It would have been hard to imagine just a few years ago that we’d need to debate whether to export our energy. But the North American energy landscape is changing rapidly, and companies have now requested nearly 20 permits from the federal government to export natural gas. Despite opposition from some on Capitol Hill, environmentalists and petrochemical firms, the Obama administration seems to have decided in favor of exports, announcing recently that it was approving a second permit to export overseas, nearly two years after approving the first, and signaling more may be coming. They made the right call, and should continue to approve natural gas exports on both economic and geopolitical grounds.
An independent study commissioned by the Department of Energy found that liquefied natural gas (LNG) exports would boost U.S. economic growth and average household income (although there are winners and losers). Exports would spur higher natural-gas production, supporting jobs in the industry, in the construction of export terminals and in the supply chain — like a new steel mill that opened in Ohio. Exports will also improve the U.S. balance of payments.
Moreover, because exports to neighboring countries are automatically approved (since we have Free Trade Agreements with them), a decision by the administration to deny applications to export to non-FTA countries may just lead to increased exports to Canada, and then more exports of Canadian gas — still increasing prices in the integrated North American market.
The geopolitical arguments for allowing gas exports are even stronger. Encouraging increased global trade in gas fosters more competition, driving down prices that historically have been linked to the price of oil overseas. This has already started to happen in Europe. Lower natural-gas prices can encourage substitution of gas for coal and oil, which is good for the environment and global oil prices. Increased competition also weakens the geopolitical influence of Russia, which has traditionally been a monopoly gas supplier to Europe. National Security Adviser Tom Donilon echoed these benefits of a more global gas market recently at Columbia University.
{mosads}Allowing gas exports reinforces U.S. efforts to oppose other trade restrictions, such as China’s limitation on the export of rare earth minerals. How can we fight those trade barriers if we throw up ones of our own? Exports also benefit key allies like Japan, which is desperately seeking new fuel sources after the Fukushima nuclear disaster.
Opponents of exports have argued that increasing demand for natural gas through exports will drive up prices in the U.S., harming consumers and manufacturing. But most economic studies find that any increase in natural-gas prices due to exports would be relatively small, at most 10 percent. (Prices are up 100 percent in the last year, a result of colder weather and idled production due to low prices.) The net economic benefits of gas exports outweigh any harm, as the Department of Energy reaffirmed.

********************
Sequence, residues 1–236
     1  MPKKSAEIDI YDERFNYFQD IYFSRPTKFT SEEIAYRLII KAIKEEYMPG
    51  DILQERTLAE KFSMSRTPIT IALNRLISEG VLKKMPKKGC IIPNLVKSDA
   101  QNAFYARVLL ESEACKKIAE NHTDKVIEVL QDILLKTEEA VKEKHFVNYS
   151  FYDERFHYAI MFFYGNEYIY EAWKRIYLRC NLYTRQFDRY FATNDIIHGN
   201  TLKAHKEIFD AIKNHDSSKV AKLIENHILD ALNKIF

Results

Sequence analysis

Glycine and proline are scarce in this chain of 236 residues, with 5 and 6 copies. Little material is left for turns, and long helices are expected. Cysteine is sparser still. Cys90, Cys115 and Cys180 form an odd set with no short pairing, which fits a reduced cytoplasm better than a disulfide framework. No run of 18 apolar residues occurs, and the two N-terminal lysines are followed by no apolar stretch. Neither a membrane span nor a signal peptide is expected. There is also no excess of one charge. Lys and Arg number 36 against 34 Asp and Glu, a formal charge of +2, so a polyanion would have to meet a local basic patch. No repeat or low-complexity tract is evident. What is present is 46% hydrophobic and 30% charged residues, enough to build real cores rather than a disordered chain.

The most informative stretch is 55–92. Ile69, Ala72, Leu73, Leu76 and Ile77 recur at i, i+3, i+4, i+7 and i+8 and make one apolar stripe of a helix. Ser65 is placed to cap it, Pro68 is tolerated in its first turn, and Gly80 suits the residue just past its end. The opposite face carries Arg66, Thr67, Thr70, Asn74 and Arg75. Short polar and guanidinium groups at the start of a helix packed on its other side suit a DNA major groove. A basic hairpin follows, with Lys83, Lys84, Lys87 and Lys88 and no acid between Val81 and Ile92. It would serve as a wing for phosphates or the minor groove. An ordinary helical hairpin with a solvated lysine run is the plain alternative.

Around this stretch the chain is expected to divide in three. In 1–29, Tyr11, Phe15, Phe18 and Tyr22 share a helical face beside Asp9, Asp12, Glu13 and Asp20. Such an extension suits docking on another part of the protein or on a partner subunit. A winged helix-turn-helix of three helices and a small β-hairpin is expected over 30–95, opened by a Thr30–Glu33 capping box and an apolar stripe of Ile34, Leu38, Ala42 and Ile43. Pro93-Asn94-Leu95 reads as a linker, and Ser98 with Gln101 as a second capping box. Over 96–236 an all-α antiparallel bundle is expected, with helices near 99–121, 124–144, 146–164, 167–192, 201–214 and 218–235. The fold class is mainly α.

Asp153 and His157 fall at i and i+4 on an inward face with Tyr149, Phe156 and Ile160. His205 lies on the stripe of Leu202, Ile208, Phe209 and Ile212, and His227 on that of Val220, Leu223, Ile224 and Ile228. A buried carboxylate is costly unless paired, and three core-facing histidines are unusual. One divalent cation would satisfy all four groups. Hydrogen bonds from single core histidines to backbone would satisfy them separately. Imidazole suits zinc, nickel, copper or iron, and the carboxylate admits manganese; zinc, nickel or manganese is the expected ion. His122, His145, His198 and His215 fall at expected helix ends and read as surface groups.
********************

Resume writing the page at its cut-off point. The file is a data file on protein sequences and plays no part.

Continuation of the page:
Environmentalists are also concerned that exports will increase “fracking.” But shale gas production is poised to rise sharply whether we export or not, so we are going to need to make sure water and air are protected in any case.
In total, the projects still awaiting approval would export around one-third of U.S. production, a volume that would cause gas prices to spike. But nowhere close to this volume of export capacity will ultimately be financed and built. The administration has said it will decide on applications in the order received. It should move quickly, so that the market can decide which projects are most viable, rather than advantage those that got in line first.
Even better, the administration should continue working to secure an FTA with the European Union and the Trans-Pacific Partnership (which Japan recently joined), which would automatically allow exports to most of the largest LNG markets.
The boom in North American oil production means that natural gas is just the beginning. The U.S. will surpass Saudi Arabia in total liquid fuel production this year. But producers will increasingly look to export this oil, even as we remain a net importer, because our refineries are set up to take different types of crude than we are producing. That means the administration may soon need to consider whether to loosen restrictions on oil exports as well.
The president has a goal of doubling exports, recognizing the broad economic consensus that free trade leads to faster economic growth. Energy should be no different. Increasing global energy market integration will benefit both the U.S. economy and our national security.

Bordoff, a professor and director of the Center on Global Energy Policy at Columbia University, previously served as senior director and special assistant to President Obama for energy and climate change on the staff of the National Security Council.


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